Out beyond ideas of wrongdoing and right doing, there is a field. I’ll meet you there. Rumi


Two seasons ago before the chill of winter set in, I wrote the following

Gaslighting…’a systematic process that works to make us feel defective in some way, for the beliefs, thoughts, feelings, and appetites to which we are readily entitled. We are made to feel guilty, sinful, irrational, oversensitive or paranoid, as well as sometimes downright crazy for having these mental states.’ Leigh Gilmore. The #MeToo Effect.

When you live your life under the weight of such belittlements, as did my mother, you begin to believe the person putting you down. You think you’re stupid, ugly, inferior in some way and it’s hard to rise above the insults to lay claim to your actual identity as a decent human being. Especially when you’re a woman. Especially a woman of colour, especially when you don’t fit some perfect ideal of beauty or take on the roles loaded onto you.

These are my pressure points, the place in my body where I am likely to feel the greatest pain.

I walked into my kitchen just now where my daughter sat with her boyfriend planning their day ahead.

‘Can you please give me a writing prompt,’ I asked. ‘I need inspiration.’ 

‘Look in the newspaper,’ my daughter said. 

The newspaper was spread on the bench, and I flicked over its pages to read that a female body was found in a wheelie bin in Point Cook, and elsewhere in Lower Plenty, police shot dead a 26-year-old woman whom they feared was about to set her mother on fire. 

The neighbours called and the police encountered an ‘alarming scene’ of this daughter attacking her mother with a knife. She stabbed her repeatedly in the neck and torso refusing to drop the knife when the police ordered her to stop. They then shot her as police do when someone’s life is at risk. 

The mother died; the daughter died. The family was known to police, and an offender in the family was in custody but they did not realise the extent of animosity between mother and daughter, though they knew there were troubled, or some such.

All this I read in the minutes I spent standing at the bench remonstrating with the horrors of life on this day the second day in Melborne with temperatures rising to the mid-thirties and beyond with another on ahead tomorrow.

‘The world is rancid ATM,’ my daughter said, using the shorthand of her youth. She complains about the weather, not simply because it’s hot but because of her concerns over climate change. And hidden in there is a hint I won’t be around to suffer the full effects, but she and her generation will.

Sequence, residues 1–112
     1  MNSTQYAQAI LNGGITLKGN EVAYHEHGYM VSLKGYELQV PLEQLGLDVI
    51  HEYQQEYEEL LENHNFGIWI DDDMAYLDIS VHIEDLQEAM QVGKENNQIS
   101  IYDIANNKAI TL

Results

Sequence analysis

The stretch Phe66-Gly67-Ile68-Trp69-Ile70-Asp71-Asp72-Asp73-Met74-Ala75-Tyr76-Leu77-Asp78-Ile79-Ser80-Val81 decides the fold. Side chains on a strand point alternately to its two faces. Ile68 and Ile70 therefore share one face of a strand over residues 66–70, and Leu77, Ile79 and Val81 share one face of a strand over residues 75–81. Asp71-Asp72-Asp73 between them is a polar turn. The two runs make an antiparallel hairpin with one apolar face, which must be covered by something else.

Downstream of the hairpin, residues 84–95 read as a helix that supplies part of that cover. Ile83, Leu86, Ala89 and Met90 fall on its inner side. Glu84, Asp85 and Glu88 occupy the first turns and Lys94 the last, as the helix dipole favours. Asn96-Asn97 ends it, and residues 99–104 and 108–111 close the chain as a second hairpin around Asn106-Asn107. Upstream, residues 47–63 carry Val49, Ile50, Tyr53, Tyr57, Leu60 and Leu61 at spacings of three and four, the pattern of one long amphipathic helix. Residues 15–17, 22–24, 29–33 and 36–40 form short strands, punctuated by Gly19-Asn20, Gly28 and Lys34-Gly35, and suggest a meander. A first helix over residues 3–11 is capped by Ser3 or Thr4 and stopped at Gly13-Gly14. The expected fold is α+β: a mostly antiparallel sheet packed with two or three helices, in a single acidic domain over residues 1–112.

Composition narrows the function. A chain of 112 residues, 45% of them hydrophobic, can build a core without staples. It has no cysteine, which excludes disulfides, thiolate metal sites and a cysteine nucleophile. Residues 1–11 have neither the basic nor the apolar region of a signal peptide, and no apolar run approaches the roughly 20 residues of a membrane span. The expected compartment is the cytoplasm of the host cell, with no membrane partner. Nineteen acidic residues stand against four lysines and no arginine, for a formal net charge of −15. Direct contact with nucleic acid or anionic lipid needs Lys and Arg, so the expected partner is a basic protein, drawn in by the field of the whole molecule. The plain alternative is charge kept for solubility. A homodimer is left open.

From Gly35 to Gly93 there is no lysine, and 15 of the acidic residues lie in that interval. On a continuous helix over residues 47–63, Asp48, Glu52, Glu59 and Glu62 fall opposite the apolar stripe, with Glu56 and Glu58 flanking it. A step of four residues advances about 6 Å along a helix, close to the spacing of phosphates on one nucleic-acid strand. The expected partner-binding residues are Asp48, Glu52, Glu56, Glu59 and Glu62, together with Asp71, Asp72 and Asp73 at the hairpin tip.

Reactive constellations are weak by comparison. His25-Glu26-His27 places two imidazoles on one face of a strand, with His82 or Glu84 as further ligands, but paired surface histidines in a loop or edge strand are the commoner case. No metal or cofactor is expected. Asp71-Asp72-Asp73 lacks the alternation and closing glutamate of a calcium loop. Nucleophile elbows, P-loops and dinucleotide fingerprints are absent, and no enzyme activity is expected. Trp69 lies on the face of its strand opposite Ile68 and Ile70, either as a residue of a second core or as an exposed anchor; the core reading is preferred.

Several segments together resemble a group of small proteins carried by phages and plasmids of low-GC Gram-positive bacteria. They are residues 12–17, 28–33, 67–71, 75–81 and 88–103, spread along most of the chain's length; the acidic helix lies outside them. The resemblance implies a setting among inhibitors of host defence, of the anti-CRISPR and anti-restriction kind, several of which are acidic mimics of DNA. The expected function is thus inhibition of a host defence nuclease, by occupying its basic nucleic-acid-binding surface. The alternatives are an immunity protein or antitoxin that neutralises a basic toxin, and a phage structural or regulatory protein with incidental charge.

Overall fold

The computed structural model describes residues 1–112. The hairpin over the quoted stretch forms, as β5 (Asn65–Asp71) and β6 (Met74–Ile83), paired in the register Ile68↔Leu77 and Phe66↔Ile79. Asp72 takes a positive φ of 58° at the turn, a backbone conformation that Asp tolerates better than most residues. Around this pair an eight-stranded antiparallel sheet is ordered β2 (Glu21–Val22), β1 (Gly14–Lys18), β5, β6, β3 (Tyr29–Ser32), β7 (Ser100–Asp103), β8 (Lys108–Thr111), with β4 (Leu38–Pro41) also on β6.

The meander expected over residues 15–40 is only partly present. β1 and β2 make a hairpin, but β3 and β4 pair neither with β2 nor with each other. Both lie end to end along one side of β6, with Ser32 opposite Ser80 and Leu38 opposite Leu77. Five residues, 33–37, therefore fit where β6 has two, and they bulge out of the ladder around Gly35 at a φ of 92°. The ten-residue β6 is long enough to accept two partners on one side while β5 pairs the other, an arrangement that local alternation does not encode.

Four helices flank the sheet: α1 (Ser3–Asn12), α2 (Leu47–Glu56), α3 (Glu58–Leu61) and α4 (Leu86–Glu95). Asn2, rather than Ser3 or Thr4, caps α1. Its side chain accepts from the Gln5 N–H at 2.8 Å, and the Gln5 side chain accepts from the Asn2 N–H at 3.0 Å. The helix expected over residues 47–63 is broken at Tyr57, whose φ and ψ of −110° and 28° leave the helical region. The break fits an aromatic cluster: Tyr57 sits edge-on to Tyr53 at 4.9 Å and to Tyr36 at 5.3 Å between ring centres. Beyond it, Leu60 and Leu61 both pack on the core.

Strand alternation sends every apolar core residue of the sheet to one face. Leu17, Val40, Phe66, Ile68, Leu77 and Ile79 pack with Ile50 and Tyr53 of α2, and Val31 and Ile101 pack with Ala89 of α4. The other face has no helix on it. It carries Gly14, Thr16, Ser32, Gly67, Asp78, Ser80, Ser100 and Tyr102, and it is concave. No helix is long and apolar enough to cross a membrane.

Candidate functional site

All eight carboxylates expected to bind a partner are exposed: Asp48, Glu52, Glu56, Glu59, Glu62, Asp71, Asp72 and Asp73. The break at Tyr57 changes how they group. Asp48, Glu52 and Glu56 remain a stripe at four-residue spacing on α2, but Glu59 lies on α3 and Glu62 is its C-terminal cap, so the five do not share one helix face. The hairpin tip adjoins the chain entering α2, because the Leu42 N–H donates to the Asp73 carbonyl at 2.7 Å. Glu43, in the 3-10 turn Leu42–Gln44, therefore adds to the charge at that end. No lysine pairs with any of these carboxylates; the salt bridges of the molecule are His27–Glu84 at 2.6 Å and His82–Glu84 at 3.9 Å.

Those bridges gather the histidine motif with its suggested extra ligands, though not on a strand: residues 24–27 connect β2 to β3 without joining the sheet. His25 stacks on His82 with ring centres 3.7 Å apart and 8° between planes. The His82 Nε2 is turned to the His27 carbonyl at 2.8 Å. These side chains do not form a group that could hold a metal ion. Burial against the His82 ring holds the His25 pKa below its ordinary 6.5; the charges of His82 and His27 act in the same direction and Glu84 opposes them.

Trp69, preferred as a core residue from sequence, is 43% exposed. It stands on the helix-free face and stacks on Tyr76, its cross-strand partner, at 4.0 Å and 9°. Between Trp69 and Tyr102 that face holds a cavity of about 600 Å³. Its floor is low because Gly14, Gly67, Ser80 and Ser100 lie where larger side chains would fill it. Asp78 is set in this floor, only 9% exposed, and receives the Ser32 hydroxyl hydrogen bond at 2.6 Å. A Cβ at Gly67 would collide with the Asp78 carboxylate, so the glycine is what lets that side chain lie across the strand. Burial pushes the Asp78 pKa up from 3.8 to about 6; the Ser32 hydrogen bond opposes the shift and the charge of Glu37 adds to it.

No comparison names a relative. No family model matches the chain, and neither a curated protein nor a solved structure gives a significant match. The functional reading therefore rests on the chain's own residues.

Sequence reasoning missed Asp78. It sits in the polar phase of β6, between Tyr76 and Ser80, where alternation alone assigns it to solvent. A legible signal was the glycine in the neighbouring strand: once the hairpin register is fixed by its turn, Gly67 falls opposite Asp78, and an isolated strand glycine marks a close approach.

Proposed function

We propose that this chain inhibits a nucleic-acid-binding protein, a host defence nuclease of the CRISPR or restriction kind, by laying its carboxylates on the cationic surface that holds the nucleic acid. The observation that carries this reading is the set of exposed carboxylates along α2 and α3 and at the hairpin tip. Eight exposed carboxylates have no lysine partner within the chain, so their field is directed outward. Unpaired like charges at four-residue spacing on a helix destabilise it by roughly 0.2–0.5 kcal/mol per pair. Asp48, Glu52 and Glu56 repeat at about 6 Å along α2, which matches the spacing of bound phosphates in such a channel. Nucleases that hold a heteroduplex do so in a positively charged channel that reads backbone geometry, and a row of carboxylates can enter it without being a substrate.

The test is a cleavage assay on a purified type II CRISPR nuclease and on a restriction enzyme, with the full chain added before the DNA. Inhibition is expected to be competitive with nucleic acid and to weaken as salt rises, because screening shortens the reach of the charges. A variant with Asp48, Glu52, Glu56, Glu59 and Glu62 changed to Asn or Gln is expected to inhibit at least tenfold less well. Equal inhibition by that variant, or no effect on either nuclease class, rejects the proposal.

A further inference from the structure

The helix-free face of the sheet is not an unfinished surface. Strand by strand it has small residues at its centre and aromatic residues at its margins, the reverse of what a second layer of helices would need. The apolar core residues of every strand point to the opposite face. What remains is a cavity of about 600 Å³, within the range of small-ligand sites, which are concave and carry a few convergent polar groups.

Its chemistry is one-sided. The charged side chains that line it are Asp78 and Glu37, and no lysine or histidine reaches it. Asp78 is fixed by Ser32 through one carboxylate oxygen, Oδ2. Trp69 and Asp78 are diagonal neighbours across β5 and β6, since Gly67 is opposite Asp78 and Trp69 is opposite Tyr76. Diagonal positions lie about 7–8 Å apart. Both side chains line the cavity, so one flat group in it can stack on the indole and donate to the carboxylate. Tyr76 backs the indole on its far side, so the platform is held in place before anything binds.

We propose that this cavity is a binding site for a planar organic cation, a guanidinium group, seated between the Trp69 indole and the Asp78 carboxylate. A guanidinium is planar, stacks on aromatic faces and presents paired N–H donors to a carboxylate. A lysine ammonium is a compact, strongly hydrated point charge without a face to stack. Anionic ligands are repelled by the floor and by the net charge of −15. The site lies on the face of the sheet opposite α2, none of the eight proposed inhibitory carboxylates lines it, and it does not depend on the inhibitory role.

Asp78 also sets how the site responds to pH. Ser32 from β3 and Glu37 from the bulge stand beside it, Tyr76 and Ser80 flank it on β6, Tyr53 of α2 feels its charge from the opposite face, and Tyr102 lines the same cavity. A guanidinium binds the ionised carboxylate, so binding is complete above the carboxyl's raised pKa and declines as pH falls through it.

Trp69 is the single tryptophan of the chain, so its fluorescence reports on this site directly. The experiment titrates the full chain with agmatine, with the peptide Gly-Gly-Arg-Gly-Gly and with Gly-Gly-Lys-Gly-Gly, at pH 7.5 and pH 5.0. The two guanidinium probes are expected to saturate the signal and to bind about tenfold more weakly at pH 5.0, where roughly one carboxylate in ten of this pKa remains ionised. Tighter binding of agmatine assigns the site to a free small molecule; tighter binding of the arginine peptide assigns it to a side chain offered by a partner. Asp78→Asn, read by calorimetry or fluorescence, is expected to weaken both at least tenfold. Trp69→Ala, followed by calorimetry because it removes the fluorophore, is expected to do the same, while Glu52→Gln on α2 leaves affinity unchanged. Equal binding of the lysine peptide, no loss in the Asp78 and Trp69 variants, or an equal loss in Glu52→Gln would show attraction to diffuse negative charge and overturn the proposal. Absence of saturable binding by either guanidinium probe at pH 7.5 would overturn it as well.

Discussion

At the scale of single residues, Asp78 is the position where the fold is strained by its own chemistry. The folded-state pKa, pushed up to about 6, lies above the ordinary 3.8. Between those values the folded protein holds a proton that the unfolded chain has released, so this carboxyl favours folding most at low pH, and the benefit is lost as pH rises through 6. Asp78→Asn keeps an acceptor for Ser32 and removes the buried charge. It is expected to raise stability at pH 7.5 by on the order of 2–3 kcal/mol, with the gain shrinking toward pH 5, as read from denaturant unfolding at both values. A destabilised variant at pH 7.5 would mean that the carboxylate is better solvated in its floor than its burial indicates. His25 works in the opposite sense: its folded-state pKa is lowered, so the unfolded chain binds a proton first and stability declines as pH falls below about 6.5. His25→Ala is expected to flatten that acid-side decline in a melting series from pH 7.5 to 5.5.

My daughter often complains of us boomers. The way we took our privilege for granted and exploited the land in our time for generations to come.

She doesn’t hold us entirely responsible. She knows her history but certainly we did not help.

We, in our ignorance and greed. 

I remember the so-called Halcyon eighties when many people thought they could get rich quick with property deals. Many did, but at whose expense?

All very well to look back on the past and lament the mistakes we made.

We must learn from them now.

The slipperiness of blame and the way it attaches itself to shame. A way of escaping whatever shame might attach to our misdeeds or vulnerability when we cannot bear to know we are flawed.

Hold your breath.

At night when I cannot sleep I follow a technique someone told me can be helpful in settling your brain. Stopping those thoughts that interrupt the gentle slide into unconsciousness that comes with sleep. 

I breathe in for four, hold for seven and breathe out for eight. The in-breath is easy, almost desperate, gasping for air, and the holding on for seven is not so bad. I could breathe in longer and hold it longer. The hard part is the outbreath. How long it seems to take. I have almost no breath left over the last four seconds of the eight. I try it now. 

It has a strange effect. Unlike the quiet automatic breathing I use most of the time, this enforced regime has the benefit of increasing my awareness of my body. My head especially. It gets tight. It feels as though it might explode. It longs for rest, which might well be the point of the exercise to force my mind out of its busyness into a state of calm such I cannot stay awake. 

…I have promises to keep,
And miles to go before I sleep…

Out beyond ideas of wrongdoing and right doing, there is a field. I’ll meet you there. Rumi